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I have 5 wireless printers on my network, Brother HL-2170CWs, and not long after the massive solar flare on Tuesday, 2 of the 5 wireless printers are failing to connect to the network.

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seriously? . . . – JamesRyan Jun 9 '11 at 15:21
Umm...yeah, seriously. I'm not a physicist...just a lowly sysadmin. – milkmood Jun 9 '11 at 15:29
Sorry, the tin foil hat was covering my eyes for a second. – milkmood Jun 9 '11 at 18:01
That was just a lowly M2 flare. – starblue Jun 9 '11 at 19:17
up vote 14 down vote accepted

It's sunspots. Wrap your printers in magnets.

Seriously though - while you may notice some mild signal degradation your wireless equipment should function normally -- at least as an anecdotal data point, none of my equipment showed any problems.

I suggest that you look for a more Earthly cause for your wireless woes...

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It's unusual that they went out at the same time. They're at different sites thousands of miles apart, on the same network, but different subnets. Too many coincidences. – milkmood Jun 9 '11 at 15:28
Closest answer without the insults. Thanks. – milkmood Jun 9 '11 at 15:58
Not saying solar activity couldn't be a contributing factor, but something else was at least marginal first... – voretaq7 Jun 9 '11 at 16:07
@milkmood I would start looking for other things that the printers have in common (like being on the same network). Please remember, that although "solar flare" may be a good overall excuse it VERY rarely is the real cause. – João Portela Jun 9 '11 at 17:37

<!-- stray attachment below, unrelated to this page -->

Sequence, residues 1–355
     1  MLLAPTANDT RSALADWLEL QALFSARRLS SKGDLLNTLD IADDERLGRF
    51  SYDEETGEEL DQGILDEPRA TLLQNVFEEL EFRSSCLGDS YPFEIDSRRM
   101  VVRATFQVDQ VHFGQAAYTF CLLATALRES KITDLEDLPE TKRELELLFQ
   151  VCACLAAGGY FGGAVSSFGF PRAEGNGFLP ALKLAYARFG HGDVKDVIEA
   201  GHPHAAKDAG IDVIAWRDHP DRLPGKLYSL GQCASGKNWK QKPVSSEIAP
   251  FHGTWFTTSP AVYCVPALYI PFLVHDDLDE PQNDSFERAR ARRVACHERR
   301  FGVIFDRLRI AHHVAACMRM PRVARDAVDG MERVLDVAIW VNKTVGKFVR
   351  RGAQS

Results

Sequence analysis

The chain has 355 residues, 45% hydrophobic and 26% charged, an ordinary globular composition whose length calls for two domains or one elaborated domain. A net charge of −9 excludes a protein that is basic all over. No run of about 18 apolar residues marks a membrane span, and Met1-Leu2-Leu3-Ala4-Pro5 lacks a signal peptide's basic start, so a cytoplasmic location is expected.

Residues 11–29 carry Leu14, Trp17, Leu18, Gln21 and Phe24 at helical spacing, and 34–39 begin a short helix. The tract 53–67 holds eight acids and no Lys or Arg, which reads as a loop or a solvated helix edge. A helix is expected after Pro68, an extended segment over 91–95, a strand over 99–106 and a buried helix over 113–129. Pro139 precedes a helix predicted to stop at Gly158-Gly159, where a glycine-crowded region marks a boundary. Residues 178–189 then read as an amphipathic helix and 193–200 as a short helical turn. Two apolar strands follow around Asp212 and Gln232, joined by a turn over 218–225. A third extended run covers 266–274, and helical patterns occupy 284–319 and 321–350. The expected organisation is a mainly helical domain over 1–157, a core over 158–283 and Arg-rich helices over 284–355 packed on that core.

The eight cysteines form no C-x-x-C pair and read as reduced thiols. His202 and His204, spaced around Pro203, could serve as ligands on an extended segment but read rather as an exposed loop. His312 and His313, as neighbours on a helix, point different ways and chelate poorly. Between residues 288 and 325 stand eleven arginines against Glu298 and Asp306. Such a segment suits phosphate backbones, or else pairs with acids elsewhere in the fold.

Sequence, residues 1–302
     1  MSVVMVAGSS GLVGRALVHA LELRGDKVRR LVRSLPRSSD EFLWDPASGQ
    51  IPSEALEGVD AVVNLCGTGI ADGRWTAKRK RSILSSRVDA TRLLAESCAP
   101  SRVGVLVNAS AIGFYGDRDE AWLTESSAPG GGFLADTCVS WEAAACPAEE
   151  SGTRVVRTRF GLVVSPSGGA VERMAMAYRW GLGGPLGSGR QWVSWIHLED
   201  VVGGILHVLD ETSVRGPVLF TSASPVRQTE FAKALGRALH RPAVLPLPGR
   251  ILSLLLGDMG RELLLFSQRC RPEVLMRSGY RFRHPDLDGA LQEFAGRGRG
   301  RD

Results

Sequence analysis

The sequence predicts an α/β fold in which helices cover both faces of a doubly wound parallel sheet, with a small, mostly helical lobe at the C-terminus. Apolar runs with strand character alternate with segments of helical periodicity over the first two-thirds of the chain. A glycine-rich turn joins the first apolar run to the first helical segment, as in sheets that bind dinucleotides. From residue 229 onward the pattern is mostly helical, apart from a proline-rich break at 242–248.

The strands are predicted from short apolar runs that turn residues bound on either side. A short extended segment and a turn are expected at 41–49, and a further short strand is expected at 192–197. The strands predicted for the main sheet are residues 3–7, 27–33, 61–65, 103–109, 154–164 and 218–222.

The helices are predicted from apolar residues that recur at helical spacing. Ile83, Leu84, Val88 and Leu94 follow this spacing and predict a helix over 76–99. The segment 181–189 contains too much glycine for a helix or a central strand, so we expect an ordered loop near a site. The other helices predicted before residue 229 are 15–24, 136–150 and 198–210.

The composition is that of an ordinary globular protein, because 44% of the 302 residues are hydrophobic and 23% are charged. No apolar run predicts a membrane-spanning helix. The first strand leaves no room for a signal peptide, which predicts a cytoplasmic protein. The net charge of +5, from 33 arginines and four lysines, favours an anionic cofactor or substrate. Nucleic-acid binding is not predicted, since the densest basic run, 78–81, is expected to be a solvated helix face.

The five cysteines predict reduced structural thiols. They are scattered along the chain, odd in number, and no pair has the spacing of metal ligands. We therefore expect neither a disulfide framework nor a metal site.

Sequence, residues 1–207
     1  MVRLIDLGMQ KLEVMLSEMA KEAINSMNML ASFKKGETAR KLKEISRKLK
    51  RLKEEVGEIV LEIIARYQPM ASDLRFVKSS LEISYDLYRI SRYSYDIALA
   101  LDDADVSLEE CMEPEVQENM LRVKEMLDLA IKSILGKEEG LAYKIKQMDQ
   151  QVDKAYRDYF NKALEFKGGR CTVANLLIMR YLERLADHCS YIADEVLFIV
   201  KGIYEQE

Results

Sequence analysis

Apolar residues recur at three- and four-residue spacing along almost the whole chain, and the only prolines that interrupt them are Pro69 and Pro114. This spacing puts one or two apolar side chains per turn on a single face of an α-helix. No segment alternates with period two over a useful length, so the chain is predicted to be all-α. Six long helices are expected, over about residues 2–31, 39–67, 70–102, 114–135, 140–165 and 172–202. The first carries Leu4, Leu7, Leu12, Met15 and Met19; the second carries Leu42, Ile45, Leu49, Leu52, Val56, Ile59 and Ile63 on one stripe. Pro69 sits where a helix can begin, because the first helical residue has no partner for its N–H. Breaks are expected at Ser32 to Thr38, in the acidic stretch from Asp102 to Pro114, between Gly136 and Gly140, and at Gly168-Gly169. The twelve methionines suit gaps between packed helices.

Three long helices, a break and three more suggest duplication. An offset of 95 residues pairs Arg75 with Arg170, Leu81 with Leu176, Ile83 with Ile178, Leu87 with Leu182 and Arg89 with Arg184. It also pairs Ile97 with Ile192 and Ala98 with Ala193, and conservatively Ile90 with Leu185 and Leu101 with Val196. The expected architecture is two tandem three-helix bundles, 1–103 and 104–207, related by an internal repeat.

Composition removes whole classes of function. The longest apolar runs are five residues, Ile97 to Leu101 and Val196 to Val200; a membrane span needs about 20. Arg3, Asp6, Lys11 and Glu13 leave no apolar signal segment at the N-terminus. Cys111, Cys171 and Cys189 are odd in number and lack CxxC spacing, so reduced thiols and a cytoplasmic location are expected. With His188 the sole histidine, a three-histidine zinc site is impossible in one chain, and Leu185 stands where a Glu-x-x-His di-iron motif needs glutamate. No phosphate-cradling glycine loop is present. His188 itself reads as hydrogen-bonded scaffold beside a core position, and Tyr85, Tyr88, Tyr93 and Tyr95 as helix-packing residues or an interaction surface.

While it is theoretically possible for solar events to affect electronics, the probability is very small for printers, especially two printers in the same area. Bianca Schroeder worked with Google to do a full scale study of the number of DRAM errors caused by cosmic rays and other atmospheric phenomenon and found an incidence rate of between 25,000 to 70,000 errors per billion device hours per Mbit. She also found that 8.2% of DIMMs had errors per device year. (“DRAM Errors in the Wild: A Large-Scale Field Study”, Bianca Schroeder, Eduardo Pinheiro, Wolf-Dietrich Weber, SIGMETRICS, 2009.)

Taking the worst-case scenarios: that the first error is catastrophic, that your printer has around 16M of RAM in it and is using one of the older technologies, and doing some fairly aggressive back of the envelope math, the probability of two printers failing at the same time during a high-activity cosmic event is equal to: the equation where p = 1/100000 and n = 5.

Long story short, the probability is vanishingly small - like, earth spontaneously turning into a goldfish small.

Edit: I think I spent way too long on this. Simple answer would have sufficed.

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Wow...I'm speechless. What a fun answer! Thanks for taking way too long on this. – milkmood Jun 9 '11 at 18:02

Correlation does not imply causation - I think you're seriously grasping at straws here!

Oh - and no, none of our wireless printers or anything else stopped working on Tuesday.


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I didn't say any such thing - I said you were grasping at straws, which you are. Gallileo spent his life doing experiments to reach his insights, I think you flatter yourself to the point of ridicule by comparing yourself him! – Bart B Jun 9 '11 at 15:53

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